June 13, 2024

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Russia responds to Western sanctions by banning exports

Russia responds to Western sanctions by banning exports

Russia has banned the export of auto equipment

Russia responded to Western sanctions for the invasion of Ukraine by imposing an export ban on a range of products until the end of 2022.

The ban includes exports of telecommunications, medical devices, automobiles, agricultural and electrical, as well as some forest products such as timber.

The Economy Ministry said further measures could include restricting foreign ships from Russian ports.

“These measures are a reasonable response to those imposed on Russia,” she said.

The ministry added that the ban on countries that “committed unfriendly acts” was “aimed at ensuring the uninterrupted functioning of key sectors of the economy.”

The export ban includes more than 200 products. The procedures will continue until the end of the year.

Western governments have imposed a series of sanctions on Russia, particularly in relation to oil purchases, and against billionaire oligarchs who are seen as close to President Vladimir Putin.

About 48 countries will be affected, including the United States and the European Union.

The order said export exemptions could be granted to Georgia’s breakaway regions of South Ossetia and Abkhazia and to members of the Russian-led Eurasian Economic Union.

Russian Prime Minister Mikhail Mishustin said the ban would include exports of goods produced by foreign companies operating in Russia. Items include cars, railroad cars, and containers.

This comes at a time when former Russian President Dmitry Medvedev warned of the possibility of nationalizing the assets of Western companies that withdrew from Russia.

Companies were either leaving en masse or halting investment, including industry and mining giants such as Caterpillar, Rio Tinto, Starbucks, Sony, Unilever and Goldman Sachs.

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On Wednesday, Moscow approved a law that took the first step towards nationalizing the assets of foreign companies leaving the country.

In a statement on Thursday, Medvedev said: “The Russian government is already working on measures including bankruptcy and the nationalization of property of foreign organizations.

Foreign companies must understand that returning to our markets will be difficult. He accused foreign investors of creating “panic” for ordinary Russians who could now lose their livelihoods.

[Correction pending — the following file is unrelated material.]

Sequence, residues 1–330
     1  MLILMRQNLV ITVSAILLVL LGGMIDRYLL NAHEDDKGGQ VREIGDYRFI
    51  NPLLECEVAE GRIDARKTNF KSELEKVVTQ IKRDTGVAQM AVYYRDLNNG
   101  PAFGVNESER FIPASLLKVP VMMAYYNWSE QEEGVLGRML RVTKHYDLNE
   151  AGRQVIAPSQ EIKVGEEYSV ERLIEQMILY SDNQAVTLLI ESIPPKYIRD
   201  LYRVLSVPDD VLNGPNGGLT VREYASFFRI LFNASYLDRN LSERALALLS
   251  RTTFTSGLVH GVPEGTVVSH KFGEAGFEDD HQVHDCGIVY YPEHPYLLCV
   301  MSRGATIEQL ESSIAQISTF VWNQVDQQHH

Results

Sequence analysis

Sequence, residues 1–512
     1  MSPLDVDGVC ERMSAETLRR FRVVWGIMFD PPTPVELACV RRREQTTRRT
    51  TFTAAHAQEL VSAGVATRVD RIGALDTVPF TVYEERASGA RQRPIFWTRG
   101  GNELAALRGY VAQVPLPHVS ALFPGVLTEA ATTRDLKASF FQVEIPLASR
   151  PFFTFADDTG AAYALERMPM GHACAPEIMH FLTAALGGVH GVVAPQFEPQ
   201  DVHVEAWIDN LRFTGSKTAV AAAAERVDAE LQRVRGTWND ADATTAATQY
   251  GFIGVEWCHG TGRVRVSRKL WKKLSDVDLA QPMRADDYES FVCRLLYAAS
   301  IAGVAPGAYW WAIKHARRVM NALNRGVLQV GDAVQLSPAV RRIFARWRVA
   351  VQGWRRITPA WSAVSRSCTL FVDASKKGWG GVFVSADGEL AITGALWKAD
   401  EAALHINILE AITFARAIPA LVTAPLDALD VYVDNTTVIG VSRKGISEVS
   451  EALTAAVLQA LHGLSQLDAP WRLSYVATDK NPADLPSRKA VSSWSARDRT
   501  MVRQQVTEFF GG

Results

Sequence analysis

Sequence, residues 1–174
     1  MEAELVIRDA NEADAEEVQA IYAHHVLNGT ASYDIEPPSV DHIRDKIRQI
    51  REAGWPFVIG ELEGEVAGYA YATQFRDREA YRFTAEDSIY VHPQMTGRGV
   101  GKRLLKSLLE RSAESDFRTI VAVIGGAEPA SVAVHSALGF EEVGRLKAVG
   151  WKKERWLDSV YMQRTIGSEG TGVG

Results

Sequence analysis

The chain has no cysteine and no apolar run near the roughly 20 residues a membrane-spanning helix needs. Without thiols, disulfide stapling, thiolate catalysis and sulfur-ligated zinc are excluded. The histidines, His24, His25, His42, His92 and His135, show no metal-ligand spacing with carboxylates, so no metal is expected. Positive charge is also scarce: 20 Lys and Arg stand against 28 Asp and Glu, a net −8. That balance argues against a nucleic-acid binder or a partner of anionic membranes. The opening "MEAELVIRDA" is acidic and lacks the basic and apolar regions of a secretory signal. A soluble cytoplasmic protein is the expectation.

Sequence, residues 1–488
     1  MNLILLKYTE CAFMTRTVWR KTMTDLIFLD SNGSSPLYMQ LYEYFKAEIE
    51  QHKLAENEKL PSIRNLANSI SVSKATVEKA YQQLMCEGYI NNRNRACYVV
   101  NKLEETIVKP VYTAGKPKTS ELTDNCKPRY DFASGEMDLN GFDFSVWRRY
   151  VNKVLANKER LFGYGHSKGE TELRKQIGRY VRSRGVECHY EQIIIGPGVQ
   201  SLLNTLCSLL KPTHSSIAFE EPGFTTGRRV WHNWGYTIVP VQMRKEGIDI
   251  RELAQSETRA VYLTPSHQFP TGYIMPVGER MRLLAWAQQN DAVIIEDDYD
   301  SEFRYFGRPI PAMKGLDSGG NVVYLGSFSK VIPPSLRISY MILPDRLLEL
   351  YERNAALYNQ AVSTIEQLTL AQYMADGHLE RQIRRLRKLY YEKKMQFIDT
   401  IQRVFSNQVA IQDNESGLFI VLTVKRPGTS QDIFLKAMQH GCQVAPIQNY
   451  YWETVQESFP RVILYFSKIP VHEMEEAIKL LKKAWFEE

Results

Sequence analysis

According to the latest figures, Russia is the UK’s 19th trading partner, with total trade between the two countries reaching £15.9 billion over the course of a year as of the end of September 2020.

Box analysis by business reporter Theo Leggett

Box analysis by business reporter Theo Leggett

It’s an impressive list, but how much damage will these counter-sanctions actually cause?

The bulk of what Western countries buy from Russia consists of raw materials. Oil and gas of course, but also metals such as aluminum and nickel, not to mention potash and phosphates, which are widely used in fertilizers.

The conflict has already sent the prices of these goods up sharply, amid fears of supply disruptions – and if they remain high, it will cause economic pain, particularly in Europe.

But the ban on the sale of railway cars and locomotives from Russia is unlikely to cause much suffering. And there will be no restrictions on the sale of agricultural machinery, for example. These products are exported – but mainly to countries such as Belarus and Kazakhstan.

The inclusion of vehicles on the list is a problem for the likes of Stellantis – owner of Vauxhall, Peugeot and Citroen. She was planning to export pickup trucks made in Russia to Europe and other parts of the world.

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But overall, the effect of counter-sanctions seems more symbolic than significant. On the other hand, restrictions on raw material exports – if Russia were to enter them – could have an even more dramatic effect.

After Britain banned Russian-operated ships from its ports last week, a retaliatory proposal to restrict foreign ships’ entry into Russian ports could go into effect.

Russian President Vladimir Putin said Thursday that there will be “negative consequences” for global food markets due to Western sanctions because Russia is a major producer of agricultural fertilizers.

“It is clear that at such moments people’s demand for certain groups of goods is constantly increasing, but we have no doubt that we will solve all these problems while working in a calm manner,” he said.